Repeat after me: “My organization’s culture is an outcome of what we collectively believe about the organization and how we behave alongside each other as a result of those beliefs.”
So, what do you believe about your organization? Over the course of this blog, two prior, and one-to-follow, brief introductions to ten culture-embedding mechanisms will provide you with a set of levers with which to intentionally shift and set your culture into what you need it to be.
Set #3: The Nearly Invisible Mechanisms (number one of two)
- Mental Models – the intellectual and emotional frameworks we use to shape (align?) our approach to work and relationships.
“Let’s go fishing.” What comes to mind when you read or hear that phrase? (Pause & reflect.)
What comes to mind will depend on your most prominent experiences, of course. Was it freshwater or deep sea fishing? Fly fishing in a mountain stream or ice fishing on a frozen lake? Was it on a commercial fishing boat or casting a net by hand so you could feed your family and barter with your neighbors for other goods? Whatever came to mind, and whatever feelings came along with that mental image, likely generated a mental model.
A mental model is a natural “go-to” mechanism for making sense out of something that might otherwise be too broad or too complex to grasp the meaning or intent of. Granted, some mental models acknowledge and allow for breadth and complexity, but even so it is a model that helps to “make sense”. When things don’t make sense, it could be due to a lack of an accurate or congruent mental model.
In the Mental Model Arena, Here are Three Scenarios When Things Don’t Make Sense.
- When different people working together on the same project or process approach the task through different frameworks, not just different perspectives; sometimes aware of their own mental model, sometimes not. This results in miscommunication, misunderstanding, wasted effort, eroded trust, and more. Different perspectives using the same model… breakthrough insights, energy, and deeper trust results.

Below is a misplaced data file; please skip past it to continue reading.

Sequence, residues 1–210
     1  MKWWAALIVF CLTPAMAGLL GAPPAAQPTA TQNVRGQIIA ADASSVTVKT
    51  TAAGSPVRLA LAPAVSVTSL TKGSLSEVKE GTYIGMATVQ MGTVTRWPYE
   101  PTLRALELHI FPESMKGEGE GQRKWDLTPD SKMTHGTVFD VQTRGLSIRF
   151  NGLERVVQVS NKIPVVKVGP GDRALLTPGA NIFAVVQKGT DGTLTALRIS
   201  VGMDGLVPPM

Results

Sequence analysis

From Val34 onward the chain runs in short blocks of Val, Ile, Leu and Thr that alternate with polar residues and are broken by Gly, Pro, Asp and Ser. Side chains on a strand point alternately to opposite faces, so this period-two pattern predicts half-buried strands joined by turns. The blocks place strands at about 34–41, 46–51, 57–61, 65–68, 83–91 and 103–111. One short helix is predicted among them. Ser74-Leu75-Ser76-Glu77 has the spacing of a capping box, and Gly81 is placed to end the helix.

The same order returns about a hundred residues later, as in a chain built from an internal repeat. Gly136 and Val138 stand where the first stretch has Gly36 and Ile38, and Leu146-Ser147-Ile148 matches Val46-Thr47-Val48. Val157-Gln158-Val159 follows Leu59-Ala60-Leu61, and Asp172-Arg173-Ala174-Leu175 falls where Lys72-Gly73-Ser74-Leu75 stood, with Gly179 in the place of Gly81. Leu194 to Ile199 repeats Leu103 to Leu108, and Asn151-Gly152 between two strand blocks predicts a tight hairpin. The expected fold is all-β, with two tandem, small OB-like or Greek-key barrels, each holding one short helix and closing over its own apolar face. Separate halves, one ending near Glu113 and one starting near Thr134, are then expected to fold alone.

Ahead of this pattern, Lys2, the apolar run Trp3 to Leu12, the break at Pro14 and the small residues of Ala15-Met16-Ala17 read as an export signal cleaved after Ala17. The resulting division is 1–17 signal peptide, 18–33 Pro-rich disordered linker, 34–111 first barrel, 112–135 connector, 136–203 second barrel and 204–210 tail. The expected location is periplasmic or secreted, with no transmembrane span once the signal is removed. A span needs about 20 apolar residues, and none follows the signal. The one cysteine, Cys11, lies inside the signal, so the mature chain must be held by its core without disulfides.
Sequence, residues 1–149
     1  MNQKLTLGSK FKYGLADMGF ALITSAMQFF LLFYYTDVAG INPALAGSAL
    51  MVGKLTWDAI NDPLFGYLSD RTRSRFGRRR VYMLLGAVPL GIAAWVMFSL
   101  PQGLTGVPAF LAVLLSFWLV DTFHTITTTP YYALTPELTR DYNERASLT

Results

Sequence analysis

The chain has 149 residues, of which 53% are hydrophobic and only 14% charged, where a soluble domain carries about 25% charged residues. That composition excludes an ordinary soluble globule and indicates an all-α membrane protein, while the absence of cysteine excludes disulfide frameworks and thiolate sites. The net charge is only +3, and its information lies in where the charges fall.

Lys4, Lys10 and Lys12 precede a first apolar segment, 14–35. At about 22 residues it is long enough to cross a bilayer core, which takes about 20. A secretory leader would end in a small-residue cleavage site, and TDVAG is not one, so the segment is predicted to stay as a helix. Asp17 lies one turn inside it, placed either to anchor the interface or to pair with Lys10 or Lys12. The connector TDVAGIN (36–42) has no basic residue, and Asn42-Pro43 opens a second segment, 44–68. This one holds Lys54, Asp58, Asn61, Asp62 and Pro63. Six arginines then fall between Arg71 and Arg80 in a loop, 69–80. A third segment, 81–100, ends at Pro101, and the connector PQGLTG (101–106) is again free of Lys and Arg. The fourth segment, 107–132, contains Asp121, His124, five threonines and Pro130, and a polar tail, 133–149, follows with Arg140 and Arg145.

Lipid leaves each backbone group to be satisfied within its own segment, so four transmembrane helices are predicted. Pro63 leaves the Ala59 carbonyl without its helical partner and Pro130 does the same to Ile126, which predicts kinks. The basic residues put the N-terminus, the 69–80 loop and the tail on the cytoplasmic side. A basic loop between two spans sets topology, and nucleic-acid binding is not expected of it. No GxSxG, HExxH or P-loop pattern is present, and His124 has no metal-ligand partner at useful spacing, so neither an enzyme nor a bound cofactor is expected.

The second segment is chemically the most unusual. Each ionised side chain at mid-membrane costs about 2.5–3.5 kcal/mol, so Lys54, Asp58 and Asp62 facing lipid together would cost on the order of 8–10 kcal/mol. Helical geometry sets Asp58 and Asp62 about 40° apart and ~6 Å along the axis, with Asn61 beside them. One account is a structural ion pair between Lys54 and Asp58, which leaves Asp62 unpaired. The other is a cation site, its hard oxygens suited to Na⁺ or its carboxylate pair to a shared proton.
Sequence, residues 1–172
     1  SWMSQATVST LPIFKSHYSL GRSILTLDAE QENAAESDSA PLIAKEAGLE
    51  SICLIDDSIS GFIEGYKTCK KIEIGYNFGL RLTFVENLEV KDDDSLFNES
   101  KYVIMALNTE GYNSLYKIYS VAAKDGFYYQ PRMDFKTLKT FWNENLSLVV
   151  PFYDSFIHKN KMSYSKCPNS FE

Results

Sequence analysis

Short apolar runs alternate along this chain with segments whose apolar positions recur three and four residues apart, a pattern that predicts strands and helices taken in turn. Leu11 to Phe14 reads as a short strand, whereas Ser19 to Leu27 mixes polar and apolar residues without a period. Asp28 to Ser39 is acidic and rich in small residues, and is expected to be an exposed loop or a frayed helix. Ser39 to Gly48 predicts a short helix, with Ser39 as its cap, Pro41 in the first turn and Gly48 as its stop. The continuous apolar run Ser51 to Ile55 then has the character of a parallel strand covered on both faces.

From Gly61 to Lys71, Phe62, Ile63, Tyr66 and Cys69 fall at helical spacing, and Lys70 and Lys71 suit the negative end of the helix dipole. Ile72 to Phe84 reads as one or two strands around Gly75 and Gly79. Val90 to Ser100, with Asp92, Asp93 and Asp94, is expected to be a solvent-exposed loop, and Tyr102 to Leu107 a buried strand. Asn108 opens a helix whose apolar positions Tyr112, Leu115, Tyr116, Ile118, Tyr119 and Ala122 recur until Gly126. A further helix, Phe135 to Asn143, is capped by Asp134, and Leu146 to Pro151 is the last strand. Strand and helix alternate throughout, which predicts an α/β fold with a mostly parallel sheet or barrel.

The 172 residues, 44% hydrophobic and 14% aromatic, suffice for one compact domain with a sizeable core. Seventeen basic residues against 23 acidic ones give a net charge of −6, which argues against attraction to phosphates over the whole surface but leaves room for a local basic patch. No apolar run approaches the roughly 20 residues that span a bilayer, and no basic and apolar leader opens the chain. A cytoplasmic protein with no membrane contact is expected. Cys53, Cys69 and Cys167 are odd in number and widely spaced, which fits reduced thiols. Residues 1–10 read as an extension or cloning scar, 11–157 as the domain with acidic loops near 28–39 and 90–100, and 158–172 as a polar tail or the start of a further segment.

- When the mental model in use is incongruent with the process required or the outcomes needed. If you are expected to supply a national restaurant chain with fresh salmon on a weekly basis, you will not succeed with an ice-fishing rod on a frozen lake in northern Minnesota.
- When an old model is not fully “disempowered”, like the challenge faced by one of our clients, a county agency responsible for ensuring that families in need receive court-ordered child-support payments. For years they were organized as a division within the District Attorney’s office. This resulted in a mental model of “catch them doing it wrong and punish them”. Who would want to cooperate with that approach? Even the culture within the organization became punitive and fear-based.
They are now living in a mental model of “partnering with families so that children can thrive.” That means partnering with both the custodial and non-custodial parents, and other agencies and institutions that will also help various members of the family. This shift in the mental model is reshaping the culture inside the organization, and altering the public’s perception of it as well. Mental models are powerful.
While it’s a little like finding your way through the fog, with humility and input from others, you can successfully discern together which mental model(s) will be congruent with the culture and outcomes you want. If you do not like the culture you have, do the difficult work of identifying the underlying mental model(s) that shaped it into what it is. More on that in our next blog.